Latin America

Castro thanks pope for helping US and Cuba patch up relations

Cuban leader says he'll return to Catholic Church if pontiff “continues like this”

Pope Francis and Raúl Castro at the Vatican on Sunday.
Pope Francis and Raúl Castro at the Vatican on Sunday.Vatican Pool (Getty Images)

After a 55-minute private meeting with Pope Francis on Sunday, Cuban President Raúl Castro said he was grateful for the pontiff’s brokering of a behind-the-scenes agreement that has led to the re-establishment of bilateral relations between Washington and Havana.

At a news conference with Italian Prime Minister Matteo Renzi, Castro said he was “very impressed” with the pope’s “wisdom, his modesty, and all the virtues that we know he has.”

If he keeps talking like this, I will start to pray once more and I’ll come back to the Catholic Church. And I’m not joking” Raúl Castro

“I read all of the pope’s speeches,” Castro said. “If he keeps talking like this, I will start to pray once more and I’ll come back to the Catholic Church. And I’m not joking.”

The pope is planning on visiting Cuba in September.

Castro’s impressions after meeting with the pontiff were similar to those of US President Barack Obama, who visited the Vatican last year.

“We know that, given his great moral authority, when the pope speaks his words have an enormous weight,” Obama told the Italian daily Corriere della Sera in March 2014.

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After their meeting, Castro and the pontiff exchanged gifts in front of the cameras. The Argentinean-born pope gave him a medal of French Saint Martin of Tours, the patron of Buenos Aires, while Castro presented him with a painting representing Cuban migration.

The pope’s travels, which will begin on September 22, will also take him to Washington, New York and Philadelphia.

It is unclear whether he will stay just one day in Havana or visit other Cuban cities.

For their part, Vatican officials are anxious to know whether the Cuban government will allow its citizens to freely attend a Mass the pope hopes to hold while on the Communist island.

On Sunday Castro did promise to attend all “the Masses” the pontiff will officiate, and declared himself “a Jesuit like the pope” because he attended schools run by the priests’ order as well as regularly going to church services.

Vatican officials are anxious to know whether Cuba will allow its citizens to freely attend a Mass by the pope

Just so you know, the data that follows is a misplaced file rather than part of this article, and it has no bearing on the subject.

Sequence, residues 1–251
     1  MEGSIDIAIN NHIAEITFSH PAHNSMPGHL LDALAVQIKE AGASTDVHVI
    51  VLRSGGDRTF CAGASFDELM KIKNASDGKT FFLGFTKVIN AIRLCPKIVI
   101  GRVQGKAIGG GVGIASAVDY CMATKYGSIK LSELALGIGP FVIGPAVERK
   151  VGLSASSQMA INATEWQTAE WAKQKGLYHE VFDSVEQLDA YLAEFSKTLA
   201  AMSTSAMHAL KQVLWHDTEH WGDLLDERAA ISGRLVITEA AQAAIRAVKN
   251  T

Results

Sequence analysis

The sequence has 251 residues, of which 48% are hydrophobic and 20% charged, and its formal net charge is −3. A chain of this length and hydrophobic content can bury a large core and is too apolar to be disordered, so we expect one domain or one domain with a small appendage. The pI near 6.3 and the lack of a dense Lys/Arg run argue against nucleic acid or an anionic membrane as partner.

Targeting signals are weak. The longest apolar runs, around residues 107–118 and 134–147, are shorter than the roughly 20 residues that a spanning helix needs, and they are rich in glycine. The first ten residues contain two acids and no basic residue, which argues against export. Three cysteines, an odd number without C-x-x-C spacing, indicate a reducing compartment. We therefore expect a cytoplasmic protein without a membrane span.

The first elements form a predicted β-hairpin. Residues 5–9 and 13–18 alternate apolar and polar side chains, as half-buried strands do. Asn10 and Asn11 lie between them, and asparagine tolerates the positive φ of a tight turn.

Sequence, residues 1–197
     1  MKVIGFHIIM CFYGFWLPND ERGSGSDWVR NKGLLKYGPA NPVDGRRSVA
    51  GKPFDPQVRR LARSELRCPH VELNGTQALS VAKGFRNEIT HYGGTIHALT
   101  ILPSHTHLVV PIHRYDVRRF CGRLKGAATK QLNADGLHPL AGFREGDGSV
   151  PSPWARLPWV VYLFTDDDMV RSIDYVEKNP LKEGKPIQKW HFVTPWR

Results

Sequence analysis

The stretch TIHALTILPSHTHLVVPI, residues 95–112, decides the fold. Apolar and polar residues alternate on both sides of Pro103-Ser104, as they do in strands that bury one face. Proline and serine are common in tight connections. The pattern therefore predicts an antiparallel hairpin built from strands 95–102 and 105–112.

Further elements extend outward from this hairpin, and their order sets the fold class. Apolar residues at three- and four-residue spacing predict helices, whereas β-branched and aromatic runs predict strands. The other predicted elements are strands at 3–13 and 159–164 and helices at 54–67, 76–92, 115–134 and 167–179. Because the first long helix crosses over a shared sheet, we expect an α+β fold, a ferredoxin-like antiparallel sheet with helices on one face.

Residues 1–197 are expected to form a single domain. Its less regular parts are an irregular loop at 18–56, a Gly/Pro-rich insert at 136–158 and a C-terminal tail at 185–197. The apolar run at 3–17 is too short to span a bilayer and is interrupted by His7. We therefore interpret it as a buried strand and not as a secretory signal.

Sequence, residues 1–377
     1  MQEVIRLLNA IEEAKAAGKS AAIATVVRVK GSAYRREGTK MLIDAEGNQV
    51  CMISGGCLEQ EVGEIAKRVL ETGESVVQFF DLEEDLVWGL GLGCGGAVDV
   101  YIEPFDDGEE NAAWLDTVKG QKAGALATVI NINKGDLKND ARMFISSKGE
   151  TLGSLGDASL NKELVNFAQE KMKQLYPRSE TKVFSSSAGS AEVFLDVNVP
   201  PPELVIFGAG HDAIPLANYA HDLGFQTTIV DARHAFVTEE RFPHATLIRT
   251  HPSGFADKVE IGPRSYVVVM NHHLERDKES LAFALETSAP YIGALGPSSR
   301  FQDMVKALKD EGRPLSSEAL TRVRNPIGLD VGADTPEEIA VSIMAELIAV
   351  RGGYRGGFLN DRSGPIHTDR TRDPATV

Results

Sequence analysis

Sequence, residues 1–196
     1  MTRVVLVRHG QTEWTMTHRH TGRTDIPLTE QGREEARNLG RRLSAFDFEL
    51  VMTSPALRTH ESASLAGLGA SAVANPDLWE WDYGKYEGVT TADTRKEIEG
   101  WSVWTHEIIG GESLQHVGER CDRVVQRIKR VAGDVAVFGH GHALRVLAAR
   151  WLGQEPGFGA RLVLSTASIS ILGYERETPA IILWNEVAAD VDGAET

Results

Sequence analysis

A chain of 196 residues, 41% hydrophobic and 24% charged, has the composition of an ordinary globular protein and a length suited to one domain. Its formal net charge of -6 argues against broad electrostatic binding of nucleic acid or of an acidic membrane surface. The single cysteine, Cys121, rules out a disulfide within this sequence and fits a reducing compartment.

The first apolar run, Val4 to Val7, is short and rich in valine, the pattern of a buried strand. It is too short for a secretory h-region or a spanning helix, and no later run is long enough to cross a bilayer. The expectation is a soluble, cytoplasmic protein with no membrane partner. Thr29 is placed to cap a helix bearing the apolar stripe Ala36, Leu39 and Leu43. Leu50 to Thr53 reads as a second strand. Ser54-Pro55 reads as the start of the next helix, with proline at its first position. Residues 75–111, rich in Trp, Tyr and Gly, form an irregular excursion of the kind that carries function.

But at the same time, Vatican diplomatic sources fear that Cuban authorities will use the pope’s visit as an approval of their continued control over the island.

“The visits by the popes to Cuba have always been delicate affairs, a game of balance between the revolutionary government and the Holy See,” said a top Vatican diplomatic official.

“Until now, the Church’s interest was to remain in the island to push for – in an almost invisible way – openness and dialogue between the government and the opposition. Soon, and thanks to those efforts and the encouragement by the pope and Barack Obama, history will change. But for that reason, we must be very cautious and more respectful toward the regime, which doesn’t want to feel like it was defeated.”

The visits by the popes to Cuba have always been delicate affairs” Vatican diplomatic official

Sunday’s visit by Raúl Castro to the Vatican was not the first. In 1997, he met with Pope John Paul II while serving as defense minister to prepare for the pontiff’s historic visit to Cuba in January the following year.

“Let Cuba open up to the world and the world open up to Cuba,” said the Polish pope at the time.

That mutual opening-up, which has been the dream of so many Cubans for so long, finally appears to be happening. Obama and Raúl Castro appear willing to put their signatures below a phrase that Pope Francis often cites: “Negotiating peace requires greater bravery than waging war. You need to be much more brave to say yes to dialogue and no to violence.”

80 years of diplomatic relations

1935. Diplomatic ties are established between Havana and the Vatican

1961. After the 1959 Revolution, 131 priests are expelled from the island

1976. The Cuban Constitution officially separates the church and state

1991. The Communist Party allows practicing Catholics to join its ranks

1996. Fidel Castro meets with Pope John Paul II at the Vatican

1998. John Paul II visits Cuba and the Castro government recognizes Christmas as an official holiday

2012. Pope Benedict XVI travels to Cuba and defends freedom of expression but also criticizes the US trade embargo

2014. Pope Francis personally brokers a diplomatic deal that leads to the establishment of US-Cuban relations

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